Recent Opinion on a Case out of the Oakland County Circuit Court
In the Oakland County Circuit Court, if you are charged with OWI Third Offense, the police officer’s memory of a traffic stop may be more persuasive to the judge than a video recording.
The Michigan Court of Appeal decided today that an officer’s testimony regarding the reason for a traffic stop might be more persuasive than a videotape of the stop. In People v. Brian Vanbibber, COA #297186, the defendant was charged in the Oakland County Circuit Court with OWI Third Offense. The defense filed a Motion to Suppress based upon an allegation that the traffic stop was unconstitutional. The arresting officer testified that the videotape was unclear and that her recollection of the stop was more accurate. The trial court agreed with the officer and denied the Motion to Suppress. The court of appeals reviewed the law in Michigan regarding the Fourth Amendment right to be free from unlawful seizure as follows:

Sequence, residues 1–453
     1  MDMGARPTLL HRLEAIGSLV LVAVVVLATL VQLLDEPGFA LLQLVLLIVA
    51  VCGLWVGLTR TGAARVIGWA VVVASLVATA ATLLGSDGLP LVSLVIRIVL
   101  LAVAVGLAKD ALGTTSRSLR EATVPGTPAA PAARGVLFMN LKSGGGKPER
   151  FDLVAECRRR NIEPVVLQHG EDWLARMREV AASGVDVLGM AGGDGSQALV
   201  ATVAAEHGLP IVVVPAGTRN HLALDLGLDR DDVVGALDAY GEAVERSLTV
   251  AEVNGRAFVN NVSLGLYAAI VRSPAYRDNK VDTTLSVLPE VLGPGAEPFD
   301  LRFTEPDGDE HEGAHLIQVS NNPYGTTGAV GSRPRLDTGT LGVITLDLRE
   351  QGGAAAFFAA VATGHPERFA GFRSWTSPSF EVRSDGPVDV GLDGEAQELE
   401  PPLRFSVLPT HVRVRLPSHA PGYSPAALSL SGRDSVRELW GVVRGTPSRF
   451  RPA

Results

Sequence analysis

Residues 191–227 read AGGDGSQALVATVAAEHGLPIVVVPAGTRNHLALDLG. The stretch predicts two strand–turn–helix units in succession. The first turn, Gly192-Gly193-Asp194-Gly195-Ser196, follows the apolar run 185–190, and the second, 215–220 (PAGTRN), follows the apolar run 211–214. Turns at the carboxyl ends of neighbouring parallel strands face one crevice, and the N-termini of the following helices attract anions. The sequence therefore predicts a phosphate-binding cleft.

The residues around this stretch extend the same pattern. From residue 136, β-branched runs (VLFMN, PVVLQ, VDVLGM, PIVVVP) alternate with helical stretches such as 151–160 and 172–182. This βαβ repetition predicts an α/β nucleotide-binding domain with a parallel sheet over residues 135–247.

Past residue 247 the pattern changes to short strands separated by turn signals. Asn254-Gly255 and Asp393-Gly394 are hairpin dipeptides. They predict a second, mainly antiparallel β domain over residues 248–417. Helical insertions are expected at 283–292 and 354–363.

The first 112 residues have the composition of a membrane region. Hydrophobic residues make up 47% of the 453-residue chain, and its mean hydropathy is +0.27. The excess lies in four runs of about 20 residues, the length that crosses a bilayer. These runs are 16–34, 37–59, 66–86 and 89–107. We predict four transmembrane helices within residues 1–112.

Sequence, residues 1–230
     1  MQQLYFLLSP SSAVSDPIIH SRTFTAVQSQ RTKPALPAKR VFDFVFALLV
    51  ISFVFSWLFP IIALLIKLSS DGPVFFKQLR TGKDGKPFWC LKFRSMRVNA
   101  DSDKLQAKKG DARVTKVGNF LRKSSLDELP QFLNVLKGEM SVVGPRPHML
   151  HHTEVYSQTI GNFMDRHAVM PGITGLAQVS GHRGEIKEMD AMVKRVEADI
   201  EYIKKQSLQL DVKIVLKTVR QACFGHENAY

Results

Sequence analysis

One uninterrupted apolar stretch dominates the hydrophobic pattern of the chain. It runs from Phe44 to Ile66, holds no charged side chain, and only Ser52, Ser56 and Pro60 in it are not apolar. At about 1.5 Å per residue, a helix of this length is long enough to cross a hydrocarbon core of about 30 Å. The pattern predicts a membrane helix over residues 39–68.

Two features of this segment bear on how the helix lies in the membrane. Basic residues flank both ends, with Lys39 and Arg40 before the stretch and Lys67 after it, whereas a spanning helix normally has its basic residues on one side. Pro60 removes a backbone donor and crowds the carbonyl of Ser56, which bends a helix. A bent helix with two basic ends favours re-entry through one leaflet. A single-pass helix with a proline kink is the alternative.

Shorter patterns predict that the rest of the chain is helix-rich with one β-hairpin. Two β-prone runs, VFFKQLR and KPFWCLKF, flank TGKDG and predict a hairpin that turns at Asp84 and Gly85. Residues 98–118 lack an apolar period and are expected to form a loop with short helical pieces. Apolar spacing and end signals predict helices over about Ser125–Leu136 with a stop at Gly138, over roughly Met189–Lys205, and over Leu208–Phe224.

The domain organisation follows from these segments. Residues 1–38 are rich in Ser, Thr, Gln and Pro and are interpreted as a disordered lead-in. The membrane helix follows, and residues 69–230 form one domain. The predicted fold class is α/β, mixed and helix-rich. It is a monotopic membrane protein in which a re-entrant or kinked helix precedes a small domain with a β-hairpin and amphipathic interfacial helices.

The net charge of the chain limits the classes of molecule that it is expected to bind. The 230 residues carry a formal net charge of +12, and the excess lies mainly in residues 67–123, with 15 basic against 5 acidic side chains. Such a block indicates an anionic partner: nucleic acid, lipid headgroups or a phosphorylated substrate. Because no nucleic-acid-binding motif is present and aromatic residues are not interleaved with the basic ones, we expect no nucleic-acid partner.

In order to effectuate a valid traffic stop, a police officer must have an articulable and reasonable suspicion that a vehicle or one of its occupants is subject to seizure for a violation of law.” People v Williams, 236 Mich App 610, 612; 601 NW2d 138 (1999). A traffic stop is permissible when an officer has probable cause to believe that a traffic violation has occurred or was occurring. People v Davis, 250 Mich App 357, 363-364; 649 NW2d 94 (2002). Therefore, upon “reasonable grounds shown, a police officer may stop and inspect a motor vehicle for an equipment violation.” Williams, 236 Mich App at 612. Additionally, “a police officer who witnesses a civil infraction may stop and temporarily detain the offender for the purpose of issuing a written citation.” People v Chapo, 283 Mich App 360, 366; 770 NW2d 68 (2009). An actual violation of the vehicle code need not be proven. Rather, the officer’s reasonable impression that a violation may have occurred is the dispositive question. People v Fisher, 463 Mich 881, 882; 617 NW2d 37 (2000) (Corrigan, J.) A traffic violation or civil infraction provides sufficient cause to justify the stop of a vehicle. People v Kazmierczak, 461 Mich 411, 420 n 8; 605 NW2d 667 (2000).”
In its opinion, the appellate court upheld the trial court and found that it cannot substitute its judgment for that of the trial court relative to factual findings. The ruling regarding the Motion to Suppress was affirmed.
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